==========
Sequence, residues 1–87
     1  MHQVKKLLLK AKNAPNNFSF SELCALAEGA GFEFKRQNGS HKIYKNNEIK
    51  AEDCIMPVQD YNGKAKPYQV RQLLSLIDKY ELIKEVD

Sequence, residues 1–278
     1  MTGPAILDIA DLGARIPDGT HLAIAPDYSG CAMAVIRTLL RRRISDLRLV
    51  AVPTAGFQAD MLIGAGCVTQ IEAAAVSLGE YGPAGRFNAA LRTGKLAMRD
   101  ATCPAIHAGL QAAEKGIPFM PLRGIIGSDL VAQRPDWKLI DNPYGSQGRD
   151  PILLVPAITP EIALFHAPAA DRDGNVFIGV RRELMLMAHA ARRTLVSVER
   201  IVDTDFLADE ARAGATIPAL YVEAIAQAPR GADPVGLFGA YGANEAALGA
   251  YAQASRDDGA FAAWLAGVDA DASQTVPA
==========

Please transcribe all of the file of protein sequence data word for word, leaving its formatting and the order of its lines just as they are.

Sequence, residues 1–87
     1  MHQVKKLLLK AKNAPNNFSF SELCALAEGA GFEFKRQNGS HKIYKNNEIK
    51  AEDCIMPVQD YNGKAKPYQV RQLLSLIDKY ELIKEVD

Sequence, residues 1–278
     1  MTGPAILDIA DLGARIPDGT HLAIAPDYSG CAMAVIRTLL RRRISDLRLV
    51  AVPTAGFQAD MLIGAGCVTQ IEAAAVSLGE YGPAGRFNAA LRTGKLAMRD
   101  ATCPAIHAGL QAAEKGIPFM PLRGIIGSDL VAQRPDWKLI DNPYGSQGRD
   151  PILLVPAITP EIALFHAPAA DRDGNVFIGV RRELMLMAHA ARRTLVSVER
   201  IVDTDFLADE ARAGATIPAL YVEAIAQAPR GADPVGLFGA YGANEAALGA
   251  YAQASRDDGA FAAWLAGVDA DASQTVPA